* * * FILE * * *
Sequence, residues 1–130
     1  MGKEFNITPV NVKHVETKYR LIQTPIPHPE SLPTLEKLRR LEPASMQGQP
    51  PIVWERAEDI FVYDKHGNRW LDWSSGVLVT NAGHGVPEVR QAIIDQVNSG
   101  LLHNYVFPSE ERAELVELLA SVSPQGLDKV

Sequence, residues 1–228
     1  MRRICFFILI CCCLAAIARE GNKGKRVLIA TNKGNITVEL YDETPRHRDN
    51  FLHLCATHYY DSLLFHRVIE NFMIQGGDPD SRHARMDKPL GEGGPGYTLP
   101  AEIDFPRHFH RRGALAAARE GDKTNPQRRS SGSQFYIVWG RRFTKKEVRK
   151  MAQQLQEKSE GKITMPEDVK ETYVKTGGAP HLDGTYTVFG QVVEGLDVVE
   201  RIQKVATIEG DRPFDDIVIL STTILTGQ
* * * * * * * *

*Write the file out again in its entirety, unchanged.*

Sequence, residues 1–130
     1  MGKEFNITPV NVKHVETKYR LIQTPIPHPE SLPTLEKLRR LEPASMQGQP
    51  PIVWERAEDI FVYDKHGNRW LDWSSGVLVT NAGHGVPEVR QAIIDQVNSG
   101  LLHNYVFPSE ERAELVELLA SVSPQGLDKV

Sequence, residues 1–228
     1  MRRICFFILI CCCLAAIARE GNKGKRVLIA TNKGNITVEL YDETPRHRDN
    51  FLHLCATHYY DSLLFHRVIE NFMIQGGDPD SRHARMDKPL GEGGPGYTLP
   101  AEIDFPRHFH RRGALAAARE GDKTNPQRRS SGSQFYIVWG RRFTKKEVRK
   151  MAQQLQEKSE GKITMPEDVK ETYVKTGGAP HLDGTYTVFG QVVEGLDVVE
   201  RIQKVATIEG DRPFDDIVIL STTILTGQ